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Is 'System Overload' affected by HD speed?

Go to solution Solved by Eric Cardenas,

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Hey guys,


I work on my laptop which has an SSD drive, but all my projects are on my external HD. 


My thunderbolt HD died a couple of months ago, and according to 'the internet' the speed difference with USB3 HD's is basically non existent, so I bought an USB3 drive since it was half the price.


However, I have the feeling I'm getting more 'System Overloads', but I'm not too sure. I also had to buy a new MacBook Pro, used to have the 2013 version model now I have the 2015 model with basically the same specs (not sure if there even is any difference).


However, I also upgraded to El Capitan, no fresh install just updated the image of my last laptop.


Attached are 2 screenshots of right before I get the system overload.



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Am I reading this display properly?  Are there eight cores doing CPU activity and a negligible amount of I/O load?


Do the old and new computers have an equivalent amount of RAM?


Yeah they both have 16GB Ram.


It's a Quad-core, but I believe it sees it as 8 logical processors cause of hyperthreading.


*And yes that is correct, 8 cores working hard and almost no I/O load, probably cause the projects mostly midi and heavy effect plugins.

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Wel-l-l ... for a "real-time, CPU-very-intensive" application like Logic, I have my misgivings about "hyper-threading."  In some ways this is just a figment of Intel's marketing imagination: you really can't turn one physical core into two ... not if the "two" are equally (very ...) active.  Intel gets away with it because most applications really aren't that CPU-intensive.  Nevertheless, this is what we all have to work with.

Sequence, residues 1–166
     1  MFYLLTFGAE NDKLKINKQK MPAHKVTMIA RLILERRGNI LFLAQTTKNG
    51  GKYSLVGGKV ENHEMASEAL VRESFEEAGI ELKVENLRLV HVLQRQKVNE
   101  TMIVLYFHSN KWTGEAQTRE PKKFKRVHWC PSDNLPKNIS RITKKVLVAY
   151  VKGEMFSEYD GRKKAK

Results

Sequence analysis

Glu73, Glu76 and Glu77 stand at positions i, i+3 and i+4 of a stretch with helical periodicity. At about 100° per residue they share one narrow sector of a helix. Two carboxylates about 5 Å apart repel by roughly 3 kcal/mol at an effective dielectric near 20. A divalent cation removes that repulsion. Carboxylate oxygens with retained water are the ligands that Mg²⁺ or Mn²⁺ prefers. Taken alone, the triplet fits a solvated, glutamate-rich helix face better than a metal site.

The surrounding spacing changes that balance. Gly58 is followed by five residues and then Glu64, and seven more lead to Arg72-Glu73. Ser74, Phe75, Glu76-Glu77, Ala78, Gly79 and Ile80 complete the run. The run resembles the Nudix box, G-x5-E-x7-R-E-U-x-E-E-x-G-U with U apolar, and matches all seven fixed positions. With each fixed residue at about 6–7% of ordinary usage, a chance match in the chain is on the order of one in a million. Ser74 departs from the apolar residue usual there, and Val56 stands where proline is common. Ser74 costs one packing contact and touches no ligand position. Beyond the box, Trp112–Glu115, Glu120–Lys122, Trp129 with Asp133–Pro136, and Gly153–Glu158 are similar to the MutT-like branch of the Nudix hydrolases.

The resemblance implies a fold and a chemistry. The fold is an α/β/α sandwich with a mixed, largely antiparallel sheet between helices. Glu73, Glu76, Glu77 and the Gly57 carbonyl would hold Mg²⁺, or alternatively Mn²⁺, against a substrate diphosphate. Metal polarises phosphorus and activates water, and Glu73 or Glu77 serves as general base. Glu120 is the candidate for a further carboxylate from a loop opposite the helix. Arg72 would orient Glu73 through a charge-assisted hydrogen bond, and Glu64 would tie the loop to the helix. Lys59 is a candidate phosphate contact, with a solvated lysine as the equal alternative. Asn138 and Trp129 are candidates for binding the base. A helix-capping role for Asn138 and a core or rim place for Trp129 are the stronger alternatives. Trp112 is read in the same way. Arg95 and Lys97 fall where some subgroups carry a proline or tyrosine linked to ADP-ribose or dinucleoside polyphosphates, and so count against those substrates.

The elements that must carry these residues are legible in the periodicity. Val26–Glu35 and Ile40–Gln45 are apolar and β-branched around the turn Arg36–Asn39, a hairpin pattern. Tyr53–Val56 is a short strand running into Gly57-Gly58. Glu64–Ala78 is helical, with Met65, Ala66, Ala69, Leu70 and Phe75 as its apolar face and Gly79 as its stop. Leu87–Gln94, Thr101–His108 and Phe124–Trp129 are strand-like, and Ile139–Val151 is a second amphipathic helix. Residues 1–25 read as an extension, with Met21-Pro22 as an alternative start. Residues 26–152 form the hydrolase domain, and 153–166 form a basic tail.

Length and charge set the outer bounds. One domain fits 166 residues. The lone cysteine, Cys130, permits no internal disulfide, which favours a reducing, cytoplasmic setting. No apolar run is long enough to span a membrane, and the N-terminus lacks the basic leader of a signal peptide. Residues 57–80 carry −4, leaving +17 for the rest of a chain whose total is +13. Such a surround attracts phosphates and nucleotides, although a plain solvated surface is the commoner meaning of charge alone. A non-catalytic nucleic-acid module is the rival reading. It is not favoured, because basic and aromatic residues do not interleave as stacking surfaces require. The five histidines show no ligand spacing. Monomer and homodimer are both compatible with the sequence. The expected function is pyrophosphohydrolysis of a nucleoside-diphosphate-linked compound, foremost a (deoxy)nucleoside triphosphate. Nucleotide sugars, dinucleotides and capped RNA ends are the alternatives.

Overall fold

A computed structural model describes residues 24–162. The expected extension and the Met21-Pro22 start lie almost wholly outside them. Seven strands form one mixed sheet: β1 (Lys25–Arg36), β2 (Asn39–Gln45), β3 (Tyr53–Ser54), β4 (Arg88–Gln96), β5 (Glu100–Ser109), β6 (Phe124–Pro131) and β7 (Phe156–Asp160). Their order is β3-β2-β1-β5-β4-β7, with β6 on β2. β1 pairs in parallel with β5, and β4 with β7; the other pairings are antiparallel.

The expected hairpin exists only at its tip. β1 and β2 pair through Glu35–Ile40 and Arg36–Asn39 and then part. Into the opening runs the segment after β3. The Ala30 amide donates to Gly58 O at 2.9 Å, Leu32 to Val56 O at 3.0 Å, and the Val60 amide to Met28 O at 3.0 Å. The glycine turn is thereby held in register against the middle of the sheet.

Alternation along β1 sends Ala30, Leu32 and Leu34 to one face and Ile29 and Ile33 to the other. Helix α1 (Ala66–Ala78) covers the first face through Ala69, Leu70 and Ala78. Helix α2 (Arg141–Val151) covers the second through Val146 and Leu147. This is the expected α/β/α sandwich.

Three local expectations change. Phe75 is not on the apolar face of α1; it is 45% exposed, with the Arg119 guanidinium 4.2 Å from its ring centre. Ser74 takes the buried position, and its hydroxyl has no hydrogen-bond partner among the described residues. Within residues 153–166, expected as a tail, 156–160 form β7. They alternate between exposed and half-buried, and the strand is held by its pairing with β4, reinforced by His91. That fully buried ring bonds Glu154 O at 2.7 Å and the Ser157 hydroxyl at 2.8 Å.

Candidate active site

The biggest improvement that you might be able to make, if it can be done, is to increase the amount of RAM still farther.  You want to make sure that Logic has an abundance of physical RAM: that it doesn't have to perform disk-I/O at all in order to make up for any sort of memory shortage.


In my experience (with a variety of applications), the one thing that you can do "to make it faster," is always one thing:  add RAM.  "Chips are cheap," and there is by definition no substitute for physical RAM.  The less RAM you have, the more I/O you must do, and there's always that chance that the I/O won't quite get completed in time ... resulting in "System Overload."


Yes, you also want the I/O subsystem to be "as fast as possible," but fundamentally you want to avoid I/O altogether.  And, that takes RAM.  "Gobs of it."  If ever given a choice between "more cores/mHz, less RAM," or vice-versa, there's no question in my mind that I'd choose "vice-versa."

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